YOUR correspondent Mr. Ludlam, in his essay on the word nAPAKAHTOs as used by St. John in his Gospel and first Epistle, has endeavoured to persuade us, that whether we consider the common acceptation of the word in prophane authors, or the offices of the Son and Holy Spirit as described in the scriptures, we shall not find any ground for that sense of the word, which is adopted by our translation of the Gospel of St. John. He observes that this word and its corresponding term in all languages, means a person called in to afford help to such as are in need of ajjijlanct— that as the word to ajjijl is plainly taken from the proximity of situation, the nearness ot place (adsisto) which is necessary to those, who are to afford the help wanted, it should seem; the person called in, is rather more than likely to be a mighi>our—that this word as applied by St. John to the Redeemer, is properly and literally tranflated, not a comforter, but an stsl-vocate, an assistant, a helper:—that the first followers of our Lord, would think that the other Paraclete promised them, would make good to them the benefits, which they expected from his presence, or benefits jfontTar to those which they received from him—that our Lord's whole endeavour appears to have been to apply and illustrate the predictions of their prophets—that he afforded his countrymen all possible assistance to remove their ignorance and their prejudices relative to the conversion of the Gentiles—that as our Saviour laboured to overcome the prejudices of the Jews with regard to the conversion of the Gentiles, so the Holy Ghost bestowed miraculous information upon the Apostles—that the HolyGhost that other Paraclefe performed thejame Office, and exaclly in ihe fame Way—that he afforded his assistance, &c.—that in both cafes, the assistance was equally necessary, manifest and important, &c. &c.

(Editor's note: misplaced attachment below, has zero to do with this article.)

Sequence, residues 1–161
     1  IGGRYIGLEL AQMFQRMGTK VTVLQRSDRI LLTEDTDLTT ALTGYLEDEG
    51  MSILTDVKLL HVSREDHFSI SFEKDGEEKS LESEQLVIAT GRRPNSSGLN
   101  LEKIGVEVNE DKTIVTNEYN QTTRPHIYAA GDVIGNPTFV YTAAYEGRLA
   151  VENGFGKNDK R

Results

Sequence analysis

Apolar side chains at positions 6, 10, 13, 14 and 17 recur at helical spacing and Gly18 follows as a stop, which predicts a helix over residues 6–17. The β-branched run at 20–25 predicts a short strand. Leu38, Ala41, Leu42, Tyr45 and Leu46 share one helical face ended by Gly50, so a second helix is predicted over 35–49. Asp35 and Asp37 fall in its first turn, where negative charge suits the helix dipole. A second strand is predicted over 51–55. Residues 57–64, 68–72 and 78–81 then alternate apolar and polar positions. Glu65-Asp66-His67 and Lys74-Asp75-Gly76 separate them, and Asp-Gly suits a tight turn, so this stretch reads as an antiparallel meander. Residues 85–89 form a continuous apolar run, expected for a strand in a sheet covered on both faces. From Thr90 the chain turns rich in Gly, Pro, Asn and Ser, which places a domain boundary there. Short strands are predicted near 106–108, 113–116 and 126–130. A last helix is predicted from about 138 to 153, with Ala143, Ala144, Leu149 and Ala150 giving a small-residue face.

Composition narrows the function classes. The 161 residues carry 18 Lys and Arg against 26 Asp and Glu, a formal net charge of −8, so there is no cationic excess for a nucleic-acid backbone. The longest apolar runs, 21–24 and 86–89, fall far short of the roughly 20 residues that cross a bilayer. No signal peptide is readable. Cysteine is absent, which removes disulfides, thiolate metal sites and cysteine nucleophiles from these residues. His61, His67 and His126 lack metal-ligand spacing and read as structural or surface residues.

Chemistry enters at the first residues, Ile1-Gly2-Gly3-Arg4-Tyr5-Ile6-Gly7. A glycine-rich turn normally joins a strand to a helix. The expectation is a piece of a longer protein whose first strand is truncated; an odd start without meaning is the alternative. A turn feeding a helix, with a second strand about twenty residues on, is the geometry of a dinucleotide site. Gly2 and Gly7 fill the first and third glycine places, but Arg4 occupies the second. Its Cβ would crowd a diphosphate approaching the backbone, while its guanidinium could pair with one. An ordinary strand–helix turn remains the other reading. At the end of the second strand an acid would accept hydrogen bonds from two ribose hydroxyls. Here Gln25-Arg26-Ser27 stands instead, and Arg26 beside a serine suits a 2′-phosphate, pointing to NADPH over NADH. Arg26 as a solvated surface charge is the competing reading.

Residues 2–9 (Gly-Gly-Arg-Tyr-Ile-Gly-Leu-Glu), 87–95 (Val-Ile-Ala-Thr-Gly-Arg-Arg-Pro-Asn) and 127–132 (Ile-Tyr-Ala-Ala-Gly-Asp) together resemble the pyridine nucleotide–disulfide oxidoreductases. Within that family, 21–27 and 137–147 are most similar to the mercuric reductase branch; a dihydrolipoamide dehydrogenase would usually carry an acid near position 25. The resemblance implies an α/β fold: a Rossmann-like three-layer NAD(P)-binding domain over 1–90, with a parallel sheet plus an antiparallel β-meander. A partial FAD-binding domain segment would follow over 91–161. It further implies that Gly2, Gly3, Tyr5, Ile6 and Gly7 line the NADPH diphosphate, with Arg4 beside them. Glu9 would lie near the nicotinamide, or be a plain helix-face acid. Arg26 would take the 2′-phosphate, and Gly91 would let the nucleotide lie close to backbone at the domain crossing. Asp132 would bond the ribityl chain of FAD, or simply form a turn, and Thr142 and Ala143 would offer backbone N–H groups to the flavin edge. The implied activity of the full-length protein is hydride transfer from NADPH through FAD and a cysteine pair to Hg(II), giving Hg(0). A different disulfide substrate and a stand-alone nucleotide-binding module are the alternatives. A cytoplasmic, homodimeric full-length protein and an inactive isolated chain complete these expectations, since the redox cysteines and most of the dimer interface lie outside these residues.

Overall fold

Permit me, Sir, to offer your correspondent a few remarks on these points.